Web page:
We motivate this short piece by first reminding readers of India’s poor health outcomes and related vulnerability of her people to financial distress. The end-goal of universal health care is a multi-year journey, which will require more resources dedicated towards health. But there are intermediate destinations along possible transition paths that increase the efficiency of the limited existing health care resources and could result in more equitable outcomes. Capitalizing on these relatively lower-hanging fruit can build support for much needed and otherwise seemingly intractable reform.
Poor health outcomes and financial protection
India’s health care system underperforms its low- and middle-income peers. For instance, in 2019, it had a Disability Adjusted Life Years Rate (DALY Rate) (i.e., the number of healthy life years lost on account of death and disability per 100,000 population) of 33,643. This is well above that of Vietnam (26,783), Colombia (24,212), and Thailand (29,338). Importantly, countries in South Asia with lower PPP-adjusted GDPs per capita (Purchasing Power Parity or PPP adjusts for differences in the purchasing power of each currency relative to the US$) have delivered better health outcomes than India has. For example, in 2019, Bangladesh at $4,964 with a DALY Rate of 27,077 had much better overall health outcomes than did India at $6,997. Amongst the important parameters which contribute to the DALY Rate is the Infant Mortality Rate (IMR), i.e., the number of children who die before the age of one per 1,000 live births. The 2019 IMR for India was 28, while it was 26 for Bangladesh, 16 for Vietnam, 12 for Colombia, and 8 for Thailand.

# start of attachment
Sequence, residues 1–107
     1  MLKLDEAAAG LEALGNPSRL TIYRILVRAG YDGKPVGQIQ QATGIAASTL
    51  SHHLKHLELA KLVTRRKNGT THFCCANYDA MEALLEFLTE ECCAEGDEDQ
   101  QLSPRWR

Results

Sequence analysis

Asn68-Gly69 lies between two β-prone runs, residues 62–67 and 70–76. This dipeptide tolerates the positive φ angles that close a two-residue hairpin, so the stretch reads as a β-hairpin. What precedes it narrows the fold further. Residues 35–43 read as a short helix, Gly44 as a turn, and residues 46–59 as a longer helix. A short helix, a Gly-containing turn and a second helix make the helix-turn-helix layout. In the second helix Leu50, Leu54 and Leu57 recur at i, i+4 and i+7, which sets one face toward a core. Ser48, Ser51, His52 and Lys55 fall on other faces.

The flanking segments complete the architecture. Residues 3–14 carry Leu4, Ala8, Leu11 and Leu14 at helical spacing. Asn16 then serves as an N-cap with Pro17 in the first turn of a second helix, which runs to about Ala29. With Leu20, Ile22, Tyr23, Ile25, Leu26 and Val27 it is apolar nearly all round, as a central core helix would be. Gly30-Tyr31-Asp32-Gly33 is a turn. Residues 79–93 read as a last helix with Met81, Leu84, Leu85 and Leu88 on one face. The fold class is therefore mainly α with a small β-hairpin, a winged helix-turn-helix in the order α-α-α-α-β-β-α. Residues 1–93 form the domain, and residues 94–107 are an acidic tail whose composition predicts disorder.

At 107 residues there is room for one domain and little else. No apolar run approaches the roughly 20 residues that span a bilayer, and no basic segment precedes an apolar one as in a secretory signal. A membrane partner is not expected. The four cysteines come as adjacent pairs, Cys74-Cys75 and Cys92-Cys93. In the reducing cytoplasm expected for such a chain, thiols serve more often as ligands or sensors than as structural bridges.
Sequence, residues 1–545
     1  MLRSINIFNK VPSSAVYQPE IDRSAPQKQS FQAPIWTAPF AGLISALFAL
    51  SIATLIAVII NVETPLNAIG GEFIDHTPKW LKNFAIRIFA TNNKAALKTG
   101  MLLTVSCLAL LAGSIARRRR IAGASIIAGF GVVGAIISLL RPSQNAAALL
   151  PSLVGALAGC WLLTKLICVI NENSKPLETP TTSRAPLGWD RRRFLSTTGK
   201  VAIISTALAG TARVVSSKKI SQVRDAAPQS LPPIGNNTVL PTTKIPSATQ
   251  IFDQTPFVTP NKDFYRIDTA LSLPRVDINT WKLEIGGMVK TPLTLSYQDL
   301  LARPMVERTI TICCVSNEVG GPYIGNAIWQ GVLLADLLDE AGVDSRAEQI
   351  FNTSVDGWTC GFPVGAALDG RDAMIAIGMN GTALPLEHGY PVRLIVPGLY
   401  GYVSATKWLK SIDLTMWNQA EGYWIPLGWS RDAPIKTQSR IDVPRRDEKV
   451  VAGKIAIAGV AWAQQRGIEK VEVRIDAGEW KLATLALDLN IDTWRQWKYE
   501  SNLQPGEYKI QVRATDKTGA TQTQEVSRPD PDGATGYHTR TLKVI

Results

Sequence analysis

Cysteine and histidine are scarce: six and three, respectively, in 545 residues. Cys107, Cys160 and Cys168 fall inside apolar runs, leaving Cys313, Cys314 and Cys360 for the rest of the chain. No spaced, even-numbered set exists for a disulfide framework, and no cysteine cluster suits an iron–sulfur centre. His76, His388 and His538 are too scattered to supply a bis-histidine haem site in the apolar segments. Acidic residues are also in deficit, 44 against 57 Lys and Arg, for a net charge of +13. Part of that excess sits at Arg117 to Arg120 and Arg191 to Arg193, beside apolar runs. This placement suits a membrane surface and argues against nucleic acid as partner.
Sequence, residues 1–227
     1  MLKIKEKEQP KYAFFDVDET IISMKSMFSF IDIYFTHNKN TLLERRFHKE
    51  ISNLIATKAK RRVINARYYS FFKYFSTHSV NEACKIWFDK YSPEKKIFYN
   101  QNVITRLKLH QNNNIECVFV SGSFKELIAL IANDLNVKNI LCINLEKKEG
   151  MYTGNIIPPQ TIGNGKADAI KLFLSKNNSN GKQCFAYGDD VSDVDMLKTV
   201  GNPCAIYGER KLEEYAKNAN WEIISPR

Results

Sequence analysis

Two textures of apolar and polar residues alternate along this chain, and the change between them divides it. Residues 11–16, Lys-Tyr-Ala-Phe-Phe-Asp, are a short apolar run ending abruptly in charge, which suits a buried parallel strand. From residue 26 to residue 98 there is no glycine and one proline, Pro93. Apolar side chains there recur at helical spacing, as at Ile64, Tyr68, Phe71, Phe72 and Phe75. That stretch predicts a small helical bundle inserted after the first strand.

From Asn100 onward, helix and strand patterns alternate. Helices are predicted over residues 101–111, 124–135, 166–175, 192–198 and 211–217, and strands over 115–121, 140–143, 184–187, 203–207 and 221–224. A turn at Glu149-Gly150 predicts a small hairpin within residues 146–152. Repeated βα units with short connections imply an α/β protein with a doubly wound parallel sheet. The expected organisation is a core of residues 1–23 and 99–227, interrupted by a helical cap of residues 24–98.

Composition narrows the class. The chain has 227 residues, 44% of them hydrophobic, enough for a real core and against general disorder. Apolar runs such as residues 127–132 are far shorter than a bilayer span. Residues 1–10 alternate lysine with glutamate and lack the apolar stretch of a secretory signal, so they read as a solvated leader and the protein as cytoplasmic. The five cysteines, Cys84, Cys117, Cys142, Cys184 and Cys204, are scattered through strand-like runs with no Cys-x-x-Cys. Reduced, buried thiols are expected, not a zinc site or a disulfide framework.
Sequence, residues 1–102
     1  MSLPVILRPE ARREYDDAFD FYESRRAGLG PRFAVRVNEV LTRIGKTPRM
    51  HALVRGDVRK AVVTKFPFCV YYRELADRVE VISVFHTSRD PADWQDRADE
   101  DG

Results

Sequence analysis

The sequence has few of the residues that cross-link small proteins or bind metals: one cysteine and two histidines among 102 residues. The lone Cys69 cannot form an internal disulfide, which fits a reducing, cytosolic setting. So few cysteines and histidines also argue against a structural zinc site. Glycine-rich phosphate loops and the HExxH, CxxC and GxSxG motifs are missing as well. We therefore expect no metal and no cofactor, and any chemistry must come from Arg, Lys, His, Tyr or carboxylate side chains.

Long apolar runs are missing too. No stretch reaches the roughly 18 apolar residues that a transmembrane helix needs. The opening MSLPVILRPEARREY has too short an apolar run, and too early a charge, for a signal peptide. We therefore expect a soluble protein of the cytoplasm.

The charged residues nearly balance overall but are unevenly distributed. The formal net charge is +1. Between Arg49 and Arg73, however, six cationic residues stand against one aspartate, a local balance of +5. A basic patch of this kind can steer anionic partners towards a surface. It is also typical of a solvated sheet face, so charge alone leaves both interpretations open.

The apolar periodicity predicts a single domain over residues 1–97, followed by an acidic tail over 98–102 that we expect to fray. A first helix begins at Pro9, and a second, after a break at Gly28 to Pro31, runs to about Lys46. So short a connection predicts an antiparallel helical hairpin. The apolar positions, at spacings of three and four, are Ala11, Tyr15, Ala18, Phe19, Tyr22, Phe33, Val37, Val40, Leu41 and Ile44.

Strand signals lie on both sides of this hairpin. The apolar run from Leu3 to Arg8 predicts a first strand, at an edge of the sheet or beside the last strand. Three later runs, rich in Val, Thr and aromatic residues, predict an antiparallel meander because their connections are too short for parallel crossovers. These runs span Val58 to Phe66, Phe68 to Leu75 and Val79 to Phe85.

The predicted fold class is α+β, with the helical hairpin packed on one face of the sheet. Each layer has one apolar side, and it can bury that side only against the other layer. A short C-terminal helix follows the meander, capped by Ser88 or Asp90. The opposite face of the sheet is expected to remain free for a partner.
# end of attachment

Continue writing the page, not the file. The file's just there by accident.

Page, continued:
In terms of financial protection, Indian households pay a high 61 percent of total health care costs out-of-pocket. And while countries like Iran, China, and Thailand have all reduced out-of-pocket expenditure (OOPE) proportions for their households by more than 20 percentage points in the last 20 years, the Indian levels of OOPE, with just a 9 percentage point reduction, have fallen by less than half that number during the same period.